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Re: how is cold-potato done?

  • From: dre
  • Date: Wed Jun 26 15:23:12 2002


Shortest-exit is the default because of the BGP decision process.
This tends to favor heavy-content providers because the bulk of
the data travels shorter distances out of the AS sending content
to the AS receiving the content to their eyeballs.

Shortest-exit is caused by IGP metrics (which shouldn't ever be
the same for two paths, unless you actually want that to happen).
IGP metrics are generally set by length of fiber paths or delay
values.  Provider backbones set these manually with ISIS or OSPF
costs.

There are many ways to do best-exit.  People are always coming
up with strange ways to do routing (ToS routing, MPLS-TE, DS-TE),
and they can sometimes apply these techniques to best-exit.

For those looking for something simple and standard, the two
ways were made known in the first email -> outbound MED's and
delay-based routing from `traceroute' information.  There are
quite a few problems with this as well, documented in many
various papers on the matter e.g.:
http://www.ietf.org/internet-drafts/draft-ietf-idr-route-oscillation-01.txt

For MED's, Avi spoke to the methods used in the following talks:
http://www.nanog.org/mtg-9901/ppt/bgp102/index.htm
http://www.nanog.org/mtg-9811/ppt/avi/index.htm

One thing Avi mentioned here, I never quite understood..
http://www.nanog.org/mtg-9811/ppt/avi/sld031.htm
He says "set MED's in one direction only", but he doesn't say
which direction or why.

As to solving the aggregation problem making outbound MED's
insignficant, there is some work trying to be solved using
Communities (NO-PEER, supercommunities, redistribution, cost
communities, link-bw, et al).  Some of which is believed (and
probably rightly so) to be overcomplicated and possibly even
oscillatory just like the other methods.

I enjoy the simple approach that RFC 3272 takes (surprisingly
simple Inter-Domain traffic engineering coming from the super
complex Intra-Domain TE based on MPLS/etc that the authors
recommend).  They have some suggestions on setting local_pref
and inbound MED's that I found to be very clueful.
http://www.ietf.org/rfc/rfc3272.txt (Section 7.0)

  "Inter-domain TE is inherently more difficult than intra-domain TE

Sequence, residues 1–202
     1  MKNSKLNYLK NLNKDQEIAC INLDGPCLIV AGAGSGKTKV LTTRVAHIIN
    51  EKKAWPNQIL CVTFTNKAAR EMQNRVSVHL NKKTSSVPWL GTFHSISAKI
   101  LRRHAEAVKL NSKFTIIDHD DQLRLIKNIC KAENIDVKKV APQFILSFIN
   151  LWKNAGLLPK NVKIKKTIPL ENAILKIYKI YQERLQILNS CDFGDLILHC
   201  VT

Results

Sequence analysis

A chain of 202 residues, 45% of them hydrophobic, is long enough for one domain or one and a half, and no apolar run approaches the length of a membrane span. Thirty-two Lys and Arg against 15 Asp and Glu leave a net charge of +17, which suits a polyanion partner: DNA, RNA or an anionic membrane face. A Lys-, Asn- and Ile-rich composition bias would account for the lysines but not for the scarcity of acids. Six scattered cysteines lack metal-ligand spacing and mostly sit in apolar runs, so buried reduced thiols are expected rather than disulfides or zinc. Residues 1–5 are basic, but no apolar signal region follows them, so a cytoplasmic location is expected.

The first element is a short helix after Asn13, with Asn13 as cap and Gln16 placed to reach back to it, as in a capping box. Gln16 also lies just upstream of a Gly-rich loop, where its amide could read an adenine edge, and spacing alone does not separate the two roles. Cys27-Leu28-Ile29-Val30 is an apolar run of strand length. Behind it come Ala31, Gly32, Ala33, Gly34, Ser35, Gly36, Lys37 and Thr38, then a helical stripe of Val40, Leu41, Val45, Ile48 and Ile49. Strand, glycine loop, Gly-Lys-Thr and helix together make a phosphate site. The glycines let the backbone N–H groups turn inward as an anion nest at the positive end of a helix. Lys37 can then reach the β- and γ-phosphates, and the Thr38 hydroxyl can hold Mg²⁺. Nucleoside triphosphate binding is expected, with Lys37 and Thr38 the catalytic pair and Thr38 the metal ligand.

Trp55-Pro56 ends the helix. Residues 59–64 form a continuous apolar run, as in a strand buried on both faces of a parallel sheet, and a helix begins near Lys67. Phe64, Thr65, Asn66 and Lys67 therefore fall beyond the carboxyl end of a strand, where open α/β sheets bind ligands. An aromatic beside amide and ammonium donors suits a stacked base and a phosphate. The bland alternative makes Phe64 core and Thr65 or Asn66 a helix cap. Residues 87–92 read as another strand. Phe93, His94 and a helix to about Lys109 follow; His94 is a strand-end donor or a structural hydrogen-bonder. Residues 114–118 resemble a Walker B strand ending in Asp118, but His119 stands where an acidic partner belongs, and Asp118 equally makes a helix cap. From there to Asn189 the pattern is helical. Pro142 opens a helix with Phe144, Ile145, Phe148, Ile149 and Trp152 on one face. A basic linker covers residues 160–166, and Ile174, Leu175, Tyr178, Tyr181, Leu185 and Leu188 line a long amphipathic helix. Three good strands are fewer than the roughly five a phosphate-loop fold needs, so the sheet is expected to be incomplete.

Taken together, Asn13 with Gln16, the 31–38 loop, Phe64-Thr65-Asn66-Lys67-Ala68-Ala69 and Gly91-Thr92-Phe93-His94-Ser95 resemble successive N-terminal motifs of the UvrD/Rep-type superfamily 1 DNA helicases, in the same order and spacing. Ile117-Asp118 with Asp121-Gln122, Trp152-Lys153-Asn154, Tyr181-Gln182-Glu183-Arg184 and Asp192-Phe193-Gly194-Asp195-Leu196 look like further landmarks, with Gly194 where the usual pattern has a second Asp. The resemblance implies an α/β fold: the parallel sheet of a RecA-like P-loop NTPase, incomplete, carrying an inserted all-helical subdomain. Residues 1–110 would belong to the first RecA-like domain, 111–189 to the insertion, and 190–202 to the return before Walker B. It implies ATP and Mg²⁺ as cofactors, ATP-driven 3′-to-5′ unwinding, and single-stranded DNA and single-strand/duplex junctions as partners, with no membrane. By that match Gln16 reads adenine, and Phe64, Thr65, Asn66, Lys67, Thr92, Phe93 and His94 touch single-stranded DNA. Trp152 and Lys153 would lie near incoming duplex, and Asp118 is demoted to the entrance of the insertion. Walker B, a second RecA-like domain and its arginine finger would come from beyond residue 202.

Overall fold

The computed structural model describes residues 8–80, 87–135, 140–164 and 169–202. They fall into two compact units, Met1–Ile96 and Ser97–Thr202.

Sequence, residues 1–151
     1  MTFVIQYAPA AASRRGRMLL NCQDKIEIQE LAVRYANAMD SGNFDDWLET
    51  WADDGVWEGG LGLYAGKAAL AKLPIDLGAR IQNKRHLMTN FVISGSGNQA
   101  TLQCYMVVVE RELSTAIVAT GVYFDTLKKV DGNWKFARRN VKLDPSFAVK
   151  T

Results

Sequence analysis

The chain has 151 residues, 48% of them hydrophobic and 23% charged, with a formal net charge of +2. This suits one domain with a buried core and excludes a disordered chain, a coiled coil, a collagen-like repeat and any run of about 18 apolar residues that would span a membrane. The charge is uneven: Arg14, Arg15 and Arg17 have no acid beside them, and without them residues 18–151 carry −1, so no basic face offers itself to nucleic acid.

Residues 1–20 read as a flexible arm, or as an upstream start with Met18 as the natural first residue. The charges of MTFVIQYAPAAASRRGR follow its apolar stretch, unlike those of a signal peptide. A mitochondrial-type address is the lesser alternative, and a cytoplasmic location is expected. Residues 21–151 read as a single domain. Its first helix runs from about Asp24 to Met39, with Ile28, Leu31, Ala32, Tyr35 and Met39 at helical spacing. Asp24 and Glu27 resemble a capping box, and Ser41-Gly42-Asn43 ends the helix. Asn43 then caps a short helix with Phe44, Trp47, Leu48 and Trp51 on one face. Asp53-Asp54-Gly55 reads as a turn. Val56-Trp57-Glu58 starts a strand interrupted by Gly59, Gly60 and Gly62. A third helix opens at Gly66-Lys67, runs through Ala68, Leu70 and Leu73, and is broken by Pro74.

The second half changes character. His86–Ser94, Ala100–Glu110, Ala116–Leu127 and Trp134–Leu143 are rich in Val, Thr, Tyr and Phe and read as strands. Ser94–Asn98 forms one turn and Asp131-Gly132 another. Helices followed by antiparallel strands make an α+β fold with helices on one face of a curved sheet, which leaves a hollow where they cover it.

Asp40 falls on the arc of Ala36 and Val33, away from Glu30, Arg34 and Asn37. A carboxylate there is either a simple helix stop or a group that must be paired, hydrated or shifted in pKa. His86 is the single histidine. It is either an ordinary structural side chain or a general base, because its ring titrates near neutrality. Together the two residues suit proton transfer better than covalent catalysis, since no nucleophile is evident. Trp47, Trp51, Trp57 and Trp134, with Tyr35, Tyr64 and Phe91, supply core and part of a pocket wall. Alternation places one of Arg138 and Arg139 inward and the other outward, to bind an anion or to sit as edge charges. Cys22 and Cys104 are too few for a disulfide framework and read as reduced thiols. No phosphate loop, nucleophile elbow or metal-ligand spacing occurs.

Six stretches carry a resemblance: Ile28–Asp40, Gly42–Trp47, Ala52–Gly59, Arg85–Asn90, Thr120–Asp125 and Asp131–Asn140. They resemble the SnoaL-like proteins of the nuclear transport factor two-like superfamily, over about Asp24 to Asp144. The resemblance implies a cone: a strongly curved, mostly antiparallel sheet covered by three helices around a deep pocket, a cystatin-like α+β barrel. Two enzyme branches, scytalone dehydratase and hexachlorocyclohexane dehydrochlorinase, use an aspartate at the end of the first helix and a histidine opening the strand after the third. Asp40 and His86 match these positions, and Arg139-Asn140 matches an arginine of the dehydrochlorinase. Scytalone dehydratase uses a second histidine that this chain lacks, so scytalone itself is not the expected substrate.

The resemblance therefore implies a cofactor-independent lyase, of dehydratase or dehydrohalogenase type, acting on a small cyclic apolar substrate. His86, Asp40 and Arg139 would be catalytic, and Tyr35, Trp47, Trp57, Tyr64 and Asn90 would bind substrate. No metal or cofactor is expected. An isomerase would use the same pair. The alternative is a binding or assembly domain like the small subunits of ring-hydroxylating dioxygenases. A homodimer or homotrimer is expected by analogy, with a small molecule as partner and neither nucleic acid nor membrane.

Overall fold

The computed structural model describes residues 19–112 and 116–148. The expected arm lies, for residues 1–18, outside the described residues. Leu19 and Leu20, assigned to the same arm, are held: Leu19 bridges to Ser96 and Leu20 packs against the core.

under the current Internet architecture.  The reasons for this are
   both technical and administrative."

So maybe best practice today for doing best-exit is simply having
the technical data (communities, tags, traffic, etc) and talking
directly with the administrators of your peer-AS to find a solution
(or reading their minds without their data, or inferring it, or
guessing).

I guess the final question is -- why is anyone concerned about
best-exit at all?  Doesn't shortest-exit still get the traffic
there?  I'm willing to bet there are a lot of different answers
to all these questions.

-dre

On Wed, Jun 26, 2002 at 02:35:55PM -0400, Leo Bicknell wrote:
> 
> In a message written on Wed, Jun 26, 2002 at 01:52:08PM -0400, Ralph Doncaster wrote:
> > If I peer with network X in cities A and B, and receive the same route in
> 
> Wow, I'm amazed at the wrong answers here.  The vendors even document
> this, as do the RFC's, see
> http://www.cisco.com/univercd/cc/td/doc/cisintwk/ito_doc/bgp.htm
> 
> More to your question, cold-potato uses MEDS to determine the best exit.
> Generally they do not work for large aggregates of the peer, so they
> are spread out across the network.  Clueful peers set the outgoing meds
> on their aggregates to all the same value.
> 
> Set to the same value, or clobbered on inbound, if there is no MED,
> then the routers inside your network will choose the closest exit
> based on your IGP cost.  This is "hot potato" routing.
> 
> If, by strange chance, you have equal IGP costs to two peering points
> with equal MEDS, then it will choose the one with the lower router ID.
> 
> As you can see, there are many other steps to the selection process,
> as documented in the link above.




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